Wood pellet co-firing to resume in the Netherlands

RWE’s Amer 9 eyes February start-up
Gordon Murray / WPAC
February 07, 2018
Written by Gordon Murray / WPAC
WPAC hosted a trip to B.C. for Dutch government officials to demonstrate the sustainability of Canada’s wood pellet supply chain in 2016.
WPAC hosted a trip to B.C. for Dutch government officials to demonstrate the sustainability of Canada’s wood pellet supply chain in 2016.
Feb. 7, 2018 - According to Argus Biomass Markets, Germany's RWE expects to start co-firing biomass at its 600 MW coal-fired plant in the Netherlands by the end of this month. Argus reports that RWE plans to co-fire 50pc biomass at Amer 9, which will consume around 900,000 t/yr, and that further work will be carried out to increase co-firing to 80pc in the coming years.

This is very good news for Canadian wood pellet exporters, who will be among the first to ship to this plant.

Like many other affected stakeholders, the Wood Pellet Association of Canada (WPAC) has been participating in the Dutch biomass co-firing debate since 2014. WPAC has made repeated trips to the Netherlands to meet with the Dutch government, NGO’s, and electrical utilities. In 2016, WPAC also hosted a trip to B.C. for Dutch government officials to demonstrate the sustainability of Canada’s wood pellet supply chain.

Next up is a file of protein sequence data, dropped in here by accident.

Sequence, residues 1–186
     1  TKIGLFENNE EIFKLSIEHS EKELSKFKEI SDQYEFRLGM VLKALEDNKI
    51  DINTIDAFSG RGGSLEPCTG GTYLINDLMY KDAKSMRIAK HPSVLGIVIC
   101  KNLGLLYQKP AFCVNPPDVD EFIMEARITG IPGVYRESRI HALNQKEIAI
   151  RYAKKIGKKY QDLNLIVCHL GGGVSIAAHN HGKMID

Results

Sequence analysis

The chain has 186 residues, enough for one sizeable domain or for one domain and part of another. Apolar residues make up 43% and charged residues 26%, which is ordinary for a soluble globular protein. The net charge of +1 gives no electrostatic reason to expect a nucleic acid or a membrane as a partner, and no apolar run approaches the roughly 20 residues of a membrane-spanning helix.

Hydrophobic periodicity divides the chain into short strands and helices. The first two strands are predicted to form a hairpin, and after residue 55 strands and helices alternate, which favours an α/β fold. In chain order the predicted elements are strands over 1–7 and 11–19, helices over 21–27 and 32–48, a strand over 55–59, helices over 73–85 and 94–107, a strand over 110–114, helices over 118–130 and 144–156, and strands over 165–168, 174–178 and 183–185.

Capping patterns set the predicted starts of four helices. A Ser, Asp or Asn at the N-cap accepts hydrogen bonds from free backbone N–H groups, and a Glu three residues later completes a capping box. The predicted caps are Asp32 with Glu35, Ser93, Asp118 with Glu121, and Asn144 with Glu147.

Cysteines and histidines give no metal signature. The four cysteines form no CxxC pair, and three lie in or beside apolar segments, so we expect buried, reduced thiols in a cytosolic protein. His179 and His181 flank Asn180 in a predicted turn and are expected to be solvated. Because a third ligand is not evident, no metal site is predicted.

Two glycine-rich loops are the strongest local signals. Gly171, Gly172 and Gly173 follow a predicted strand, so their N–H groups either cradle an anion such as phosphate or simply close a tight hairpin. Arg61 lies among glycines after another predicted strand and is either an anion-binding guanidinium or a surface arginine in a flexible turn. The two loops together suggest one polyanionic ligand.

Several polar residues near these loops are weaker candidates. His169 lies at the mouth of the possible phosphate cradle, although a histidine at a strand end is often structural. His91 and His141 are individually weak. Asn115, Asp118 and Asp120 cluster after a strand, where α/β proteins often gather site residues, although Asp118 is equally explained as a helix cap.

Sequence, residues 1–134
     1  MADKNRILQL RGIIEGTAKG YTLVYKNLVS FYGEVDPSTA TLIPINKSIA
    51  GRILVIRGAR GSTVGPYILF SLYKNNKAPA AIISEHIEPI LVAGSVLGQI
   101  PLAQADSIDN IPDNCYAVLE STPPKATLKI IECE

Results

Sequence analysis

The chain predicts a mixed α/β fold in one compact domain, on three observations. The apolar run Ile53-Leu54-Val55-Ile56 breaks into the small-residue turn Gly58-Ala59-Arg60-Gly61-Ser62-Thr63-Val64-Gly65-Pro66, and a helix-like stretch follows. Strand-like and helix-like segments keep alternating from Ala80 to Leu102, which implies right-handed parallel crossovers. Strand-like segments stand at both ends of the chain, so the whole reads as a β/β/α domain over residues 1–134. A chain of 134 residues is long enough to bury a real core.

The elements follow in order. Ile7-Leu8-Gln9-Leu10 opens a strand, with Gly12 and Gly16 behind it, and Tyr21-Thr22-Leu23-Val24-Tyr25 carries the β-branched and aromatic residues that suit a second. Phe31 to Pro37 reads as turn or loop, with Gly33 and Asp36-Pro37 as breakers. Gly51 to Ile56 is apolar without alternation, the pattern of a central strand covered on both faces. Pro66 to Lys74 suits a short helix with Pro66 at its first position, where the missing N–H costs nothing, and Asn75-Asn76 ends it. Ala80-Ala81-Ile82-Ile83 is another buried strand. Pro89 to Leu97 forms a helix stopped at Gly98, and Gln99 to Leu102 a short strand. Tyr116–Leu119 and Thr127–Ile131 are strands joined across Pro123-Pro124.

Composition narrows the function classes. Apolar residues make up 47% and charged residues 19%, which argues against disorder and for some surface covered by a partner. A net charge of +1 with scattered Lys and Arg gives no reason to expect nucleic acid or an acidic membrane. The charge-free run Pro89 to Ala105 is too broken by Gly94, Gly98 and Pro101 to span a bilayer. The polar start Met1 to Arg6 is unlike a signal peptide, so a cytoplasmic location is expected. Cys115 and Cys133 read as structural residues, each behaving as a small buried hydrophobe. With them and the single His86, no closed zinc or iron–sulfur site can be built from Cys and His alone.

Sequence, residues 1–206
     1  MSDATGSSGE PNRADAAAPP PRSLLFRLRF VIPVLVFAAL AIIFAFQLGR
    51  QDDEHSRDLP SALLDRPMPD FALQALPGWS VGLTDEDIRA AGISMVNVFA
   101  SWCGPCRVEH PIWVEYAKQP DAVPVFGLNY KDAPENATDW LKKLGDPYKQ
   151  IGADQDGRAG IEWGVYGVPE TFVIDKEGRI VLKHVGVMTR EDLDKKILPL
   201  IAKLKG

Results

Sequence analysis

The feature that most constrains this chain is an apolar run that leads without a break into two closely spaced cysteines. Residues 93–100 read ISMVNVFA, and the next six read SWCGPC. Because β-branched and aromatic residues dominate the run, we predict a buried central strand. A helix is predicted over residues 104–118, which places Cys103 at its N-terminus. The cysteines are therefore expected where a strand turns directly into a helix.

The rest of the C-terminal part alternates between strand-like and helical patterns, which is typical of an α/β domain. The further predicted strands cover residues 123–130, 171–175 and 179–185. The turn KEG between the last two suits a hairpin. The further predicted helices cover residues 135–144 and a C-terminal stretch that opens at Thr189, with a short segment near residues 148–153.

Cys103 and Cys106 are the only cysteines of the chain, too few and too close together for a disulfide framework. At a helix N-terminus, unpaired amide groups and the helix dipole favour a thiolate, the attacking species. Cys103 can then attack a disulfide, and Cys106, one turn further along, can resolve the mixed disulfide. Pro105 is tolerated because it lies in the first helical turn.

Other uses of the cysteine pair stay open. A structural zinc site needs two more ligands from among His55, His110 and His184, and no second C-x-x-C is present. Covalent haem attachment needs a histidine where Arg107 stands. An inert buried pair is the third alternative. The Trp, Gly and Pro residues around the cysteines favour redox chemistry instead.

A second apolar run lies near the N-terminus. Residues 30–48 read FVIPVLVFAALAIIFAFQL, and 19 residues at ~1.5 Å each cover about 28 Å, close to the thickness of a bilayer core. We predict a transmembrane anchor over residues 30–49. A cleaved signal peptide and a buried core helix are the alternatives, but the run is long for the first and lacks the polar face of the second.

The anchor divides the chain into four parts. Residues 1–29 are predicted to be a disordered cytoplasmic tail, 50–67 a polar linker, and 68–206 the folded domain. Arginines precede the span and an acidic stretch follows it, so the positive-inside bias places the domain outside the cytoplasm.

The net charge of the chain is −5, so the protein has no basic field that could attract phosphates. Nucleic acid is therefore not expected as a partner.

The Netherlands (NL) was briefly the world's largest importer of industrial wood pellets for co-firing. Under its former biomass support scheme ­– Milieukwaliteit van de Elektriciteitsproductie or MEP – wood pellet consumption for co-firing peaked at about 1.5 million tonnes annually. However, from 2012 and 2014, imports declined rapidly and eventually stopped altogether, as power utilities' MEP contracts expired.

Although the Government of the Netherlands (GNL) quickly replaced MEP with a new support scheme known as Stimulering Duurzame Energieproductie or SDE+, biomass co-firing remained stalled over sustainability concerns. While all parties have been able to agree on sustainability criteria, the Dutch authorities began working on verification procedures in early 2016 and are still evaluating which certification programs they will accept as evidence of sustainability. Canada’s SFI and CSA forest certification programs are being accepted on a provisional basis.

WPAC gratefully acknowledges the efforts of Judith Baguley of the Canadian Trade Commissioner Service to the Netherlands, Dave Patterson of Forestry Innovation Investment (FII) and Wendy Vasbinder of the Natural Resources Canada (NRCAN) for their help on this file. WPAC also acknowledges financial support from NRCAN’s Export Market Opportunities Program and FII’s Market Initiatives Program.

Gordon Murray is the executive director of the Wood Pellet Association of Canada.

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